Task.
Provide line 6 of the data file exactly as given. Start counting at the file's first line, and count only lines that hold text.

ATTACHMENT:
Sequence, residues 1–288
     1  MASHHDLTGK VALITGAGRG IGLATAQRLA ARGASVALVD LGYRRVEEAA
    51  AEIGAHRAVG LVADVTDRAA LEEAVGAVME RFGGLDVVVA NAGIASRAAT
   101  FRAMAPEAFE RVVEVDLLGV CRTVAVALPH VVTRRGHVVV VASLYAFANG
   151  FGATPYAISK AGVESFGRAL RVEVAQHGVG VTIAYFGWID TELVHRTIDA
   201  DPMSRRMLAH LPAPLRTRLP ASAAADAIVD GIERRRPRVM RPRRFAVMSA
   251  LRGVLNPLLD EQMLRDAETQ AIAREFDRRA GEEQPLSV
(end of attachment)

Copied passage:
   201  DPMSRRMLAH LPAPLRTRLP ASAAADAIVD GIERRRPRVM RPRRFAVMSA